I had the great fortune of working with hundreds of dedicated volunteers on this campaign.  Many of them had never participated in the political process before.  Our volunteers came from every part of Maine and all walks of life.  They were small business owners, working families, first responders, and seniors – and they all believed that our plan to create jobs would give our children and grandchildren the same opportunities that we have had.

I ran as a Clean Elections candidate when I served in the House of Representatives.  I believe in what the Clean Elections system represents – that Maine people should have the power to decide who their leaders will be – not special interests or those with personal wealth.  That is why I decided to run for governor as a Clean Elections candidate.

We collected the $40,000 in seed money from Maine voters and turned in more than 3,500 $5 contributions.  That should have been sufficient for us to qualify for public financing.

Late last week the Ethics Commission’s staff sent me their decision on our application.   The seed money contributions were found to be in order; however, they determined that we did not submit the sufficient number of $5 qualifying contributions.

This is, obviously, a tremendous disappointment.  Even more troubling is that the commission staff identified instances where three circulators did not follow the proper process for collecting contributions.   Because of those violations, the commission rejected all of the $5 qualifying contributions collected by these three circulators that could not be verified independently.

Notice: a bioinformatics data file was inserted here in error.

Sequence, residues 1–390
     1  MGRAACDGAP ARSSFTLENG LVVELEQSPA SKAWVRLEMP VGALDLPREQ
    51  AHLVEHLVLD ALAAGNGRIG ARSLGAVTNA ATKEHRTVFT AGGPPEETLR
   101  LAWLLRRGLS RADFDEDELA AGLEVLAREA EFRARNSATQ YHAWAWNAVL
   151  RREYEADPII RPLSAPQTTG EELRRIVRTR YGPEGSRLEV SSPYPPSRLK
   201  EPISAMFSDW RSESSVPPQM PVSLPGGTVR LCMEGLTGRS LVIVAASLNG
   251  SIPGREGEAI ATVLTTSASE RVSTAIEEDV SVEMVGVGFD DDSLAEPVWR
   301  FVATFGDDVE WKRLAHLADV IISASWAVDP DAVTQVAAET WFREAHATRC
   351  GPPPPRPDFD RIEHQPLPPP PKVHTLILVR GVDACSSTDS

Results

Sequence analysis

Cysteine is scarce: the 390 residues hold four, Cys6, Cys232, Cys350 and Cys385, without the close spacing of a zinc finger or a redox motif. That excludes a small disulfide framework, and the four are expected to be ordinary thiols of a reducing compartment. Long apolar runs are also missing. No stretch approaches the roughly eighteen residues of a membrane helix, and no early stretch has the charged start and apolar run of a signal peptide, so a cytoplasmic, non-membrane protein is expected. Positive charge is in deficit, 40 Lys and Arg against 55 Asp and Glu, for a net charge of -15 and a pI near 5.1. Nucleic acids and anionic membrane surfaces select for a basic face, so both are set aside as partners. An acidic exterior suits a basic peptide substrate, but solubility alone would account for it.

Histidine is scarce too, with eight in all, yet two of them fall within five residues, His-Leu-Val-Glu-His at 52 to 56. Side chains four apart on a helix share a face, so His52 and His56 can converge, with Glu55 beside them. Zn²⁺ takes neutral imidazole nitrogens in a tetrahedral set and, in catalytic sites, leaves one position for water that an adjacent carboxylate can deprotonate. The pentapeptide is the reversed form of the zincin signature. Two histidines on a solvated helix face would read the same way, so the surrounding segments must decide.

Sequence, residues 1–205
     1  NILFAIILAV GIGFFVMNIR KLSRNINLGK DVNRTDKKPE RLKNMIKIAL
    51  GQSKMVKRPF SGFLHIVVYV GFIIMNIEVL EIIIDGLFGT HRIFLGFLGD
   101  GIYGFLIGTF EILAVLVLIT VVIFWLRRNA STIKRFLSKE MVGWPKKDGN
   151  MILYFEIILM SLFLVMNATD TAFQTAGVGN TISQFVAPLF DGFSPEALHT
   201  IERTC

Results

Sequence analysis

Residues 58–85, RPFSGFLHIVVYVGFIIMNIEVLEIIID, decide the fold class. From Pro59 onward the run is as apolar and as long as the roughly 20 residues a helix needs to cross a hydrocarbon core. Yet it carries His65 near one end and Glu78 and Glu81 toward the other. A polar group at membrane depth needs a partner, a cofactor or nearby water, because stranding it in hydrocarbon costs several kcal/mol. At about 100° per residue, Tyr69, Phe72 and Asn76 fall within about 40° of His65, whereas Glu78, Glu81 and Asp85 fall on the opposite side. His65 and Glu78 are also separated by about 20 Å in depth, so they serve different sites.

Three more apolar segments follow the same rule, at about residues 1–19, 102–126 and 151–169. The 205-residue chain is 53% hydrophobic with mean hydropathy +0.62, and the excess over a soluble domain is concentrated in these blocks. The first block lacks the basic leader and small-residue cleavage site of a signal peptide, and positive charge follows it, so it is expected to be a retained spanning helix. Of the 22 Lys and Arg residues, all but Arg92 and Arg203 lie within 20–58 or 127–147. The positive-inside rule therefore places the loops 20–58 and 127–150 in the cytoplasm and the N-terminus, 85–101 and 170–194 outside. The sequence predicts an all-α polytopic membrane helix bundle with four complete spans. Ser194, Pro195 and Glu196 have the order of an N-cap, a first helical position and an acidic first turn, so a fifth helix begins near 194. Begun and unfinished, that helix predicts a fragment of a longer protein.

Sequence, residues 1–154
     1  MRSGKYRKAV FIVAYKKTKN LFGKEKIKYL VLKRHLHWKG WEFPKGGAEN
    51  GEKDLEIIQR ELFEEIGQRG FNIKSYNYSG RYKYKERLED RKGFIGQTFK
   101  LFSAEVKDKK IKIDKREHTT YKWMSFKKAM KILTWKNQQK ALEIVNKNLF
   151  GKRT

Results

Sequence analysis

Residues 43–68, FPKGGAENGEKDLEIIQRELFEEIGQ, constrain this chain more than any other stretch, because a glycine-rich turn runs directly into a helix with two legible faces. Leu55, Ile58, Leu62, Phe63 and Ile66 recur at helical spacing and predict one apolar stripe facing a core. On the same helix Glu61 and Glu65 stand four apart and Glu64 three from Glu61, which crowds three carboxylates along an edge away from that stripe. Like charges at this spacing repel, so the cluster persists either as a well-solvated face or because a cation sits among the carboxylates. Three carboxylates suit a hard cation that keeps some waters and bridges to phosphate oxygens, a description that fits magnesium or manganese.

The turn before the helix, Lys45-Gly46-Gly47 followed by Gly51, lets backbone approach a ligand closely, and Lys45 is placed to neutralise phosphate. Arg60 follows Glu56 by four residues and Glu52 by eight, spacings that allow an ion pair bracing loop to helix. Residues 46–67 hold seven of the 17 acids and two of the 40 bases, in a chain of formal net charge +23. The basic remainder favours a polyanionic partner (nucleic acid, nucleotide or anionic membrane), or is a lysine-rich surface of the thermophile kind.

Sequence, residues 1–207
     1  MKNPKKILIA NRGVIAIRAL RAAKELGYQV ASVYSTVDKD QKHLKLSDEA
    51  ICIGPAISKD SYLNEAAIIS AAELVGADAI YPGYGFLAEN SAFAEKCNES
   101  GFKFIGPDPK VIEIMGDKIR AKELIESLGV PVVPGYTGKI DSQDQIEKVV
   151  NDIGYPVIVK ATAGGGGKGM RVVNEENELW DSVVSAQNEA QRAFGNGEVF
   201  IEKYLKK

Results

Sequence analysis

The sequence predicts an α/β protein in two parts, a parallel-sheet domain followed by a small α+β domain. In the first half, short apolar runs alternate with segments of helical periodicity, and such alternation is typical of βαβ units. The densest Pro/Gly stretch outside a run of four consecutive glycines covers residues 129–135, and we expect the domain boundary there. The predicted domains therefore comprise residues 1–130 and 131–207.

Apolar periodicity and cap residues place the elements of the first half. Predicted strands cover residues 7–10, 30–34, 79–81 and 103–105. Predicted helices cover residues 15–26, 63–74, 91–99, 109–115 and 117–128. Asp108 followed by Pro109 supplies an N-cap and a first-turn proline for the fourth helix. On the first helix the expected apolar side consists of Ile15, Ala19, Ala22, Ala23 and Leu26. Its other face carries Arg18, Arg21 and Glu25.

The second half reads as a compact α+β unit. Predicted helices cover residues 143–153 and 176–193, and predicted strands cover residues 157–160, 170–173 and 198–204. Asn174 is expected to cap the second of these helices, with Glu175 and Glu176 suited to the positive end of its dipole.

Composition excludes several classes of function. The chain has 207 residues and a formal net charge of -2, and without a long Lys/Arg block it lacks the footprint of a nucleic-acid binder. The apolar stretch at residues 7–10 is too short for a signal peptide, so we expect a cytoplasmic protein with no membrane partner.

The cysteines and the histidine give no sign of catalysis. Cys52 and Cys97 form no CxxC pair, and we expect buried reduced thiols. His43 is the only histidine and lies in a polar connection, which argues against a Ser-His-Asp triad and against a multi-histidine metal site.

Every one of our circulators was given specific instructions from me or campaign staff as to how to collect contributions.  And everyone was told – and expected – to follow the letter of the law at all times.   When we discovered irregularities associated with two of the three circulators that the commission staff identified, we reported that information immediately to the Ethics Commission staff.

Evidently, these circulators cut corners on the forms they submitted.  Although I did not know that these short-cuts were being used when the forms were submitted, I am accountable and I accept the responsibility for those mistakes as the candidate.

I have given a great deal of thought over the past several days as to how we should proceed.  We are 80 contributions short.  We could appeal the staff decision, go back and get signed affidavits and restore some of the contributions that are in doubt.  Even though I believe we would exceed the minimum requirement, I do not believe that is the right thing to do.